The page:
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The deterioration of the safety of operation, coupled with the persistent increase in rearend crashes, is of great concern in finding accurate and realistic methods of modeling traffic flow and preventing traffic crashes. For some decades safety evaluation methods have relied on analysis of historical crash data. Since crashes are random and rare events and, in most cases, are independent events, it is difficult to find a sufficient number of crashes on a road section in a relatively short time period (e.g., a month or even a year). Thus, multi-year collection of crash data is used in safety analysis. Another safety evaluation method that has been practiced though in small scale is traffic conflict techniques (TCT). The advantage of using TCT in safety evaluations is the ability to test or study a safety strategy or improvement applied on the roadway facility in a relatively short period of time compared with traditional methods, which are dependent on crash data. However, use of TCT is not popular; perhaps because it needs extensive resources to collect, extract, and analyze conflict information. Moreover, like crash data analysis, use of TCT also makes concerned authorities reactive to the problem by responding to the crashes that have already occurred. Therefore, alternative proactive safety evaluation techniques that can improve the quality of traffic safety evaluation are needed at this time. One way of using proactive safety evaluation techniques and thus become more preventive than reactive towards dealing with the overall safety problem is to utilize the capability of traffic micro-simulation to assess safety on highways through examination of hazardous vehicle movements in the traffic stream. Using micro-simulation predictive methods, it may be possible to diagnose safety problems and apply appropriate remedial measures, rather than waiting until a crash occurs to remedy the problem. This means, a hazard can be early identified and possibly corrected before implementation of highway projects. In addition, the use of simulation tools to evaluate the safety of a traffic system can be advantageous because such tools provide extensive results for any study area within a relatively short time along with other traffic operational measures like level of service, delays, travel times, and capacities.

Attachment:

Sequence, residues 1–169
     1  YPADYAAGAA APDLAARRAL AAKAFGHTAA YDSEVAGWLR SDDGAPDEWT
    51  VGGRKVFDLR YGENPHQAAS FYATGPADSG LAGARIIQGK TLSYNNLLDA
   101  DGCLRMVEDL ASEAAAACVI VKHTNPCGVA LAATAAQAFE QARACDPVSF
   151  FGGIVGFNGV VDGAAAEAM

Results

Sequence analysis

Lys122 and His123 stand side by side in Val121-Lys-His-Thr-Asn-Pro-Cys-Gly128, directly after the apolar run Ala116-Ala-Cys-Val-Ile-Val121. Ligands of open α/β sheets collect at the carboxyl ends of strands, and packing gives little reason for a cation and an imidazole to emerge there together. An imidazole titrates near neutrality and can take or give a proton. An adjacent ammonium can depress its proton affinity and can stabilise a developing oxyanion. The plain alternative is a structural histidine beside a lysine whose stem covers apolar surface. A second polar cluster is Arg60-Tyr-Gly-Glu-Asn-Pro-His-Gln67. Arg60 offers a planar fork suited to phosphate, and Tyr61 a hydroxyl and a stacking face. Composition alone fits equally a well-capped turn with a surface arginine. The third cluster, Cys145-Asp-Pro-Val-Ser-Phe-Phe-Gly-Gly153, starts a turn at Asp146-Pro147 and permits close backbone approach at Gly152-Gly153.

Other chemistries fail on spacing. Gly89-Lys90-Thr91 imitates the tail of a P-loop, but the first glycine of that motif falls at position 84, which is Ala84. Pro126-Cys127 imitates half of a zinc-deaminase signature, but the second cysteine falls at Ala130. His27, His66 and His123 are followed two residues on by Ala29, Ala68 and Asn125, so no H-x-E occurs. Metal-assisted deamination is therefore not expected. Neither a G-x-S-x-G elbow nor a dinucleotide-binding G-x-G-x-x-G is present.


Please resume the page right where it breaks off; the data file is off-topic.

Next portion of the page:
A Dissertation Submitted to the Department of Civil and Environmental Engineering in Partial Fulfillment of the Requirements for the Degree of Doctor of Philosophy.
Includes bibliographical references.
Renatus Mussa, Professor Directing Dissertation; Daniel McGee, Outside Committee Member; Lisa Spainhour, Committee Member; John Sobanjo, Committee Member; Gikiri Thuo, Committee Member.
Florida State University
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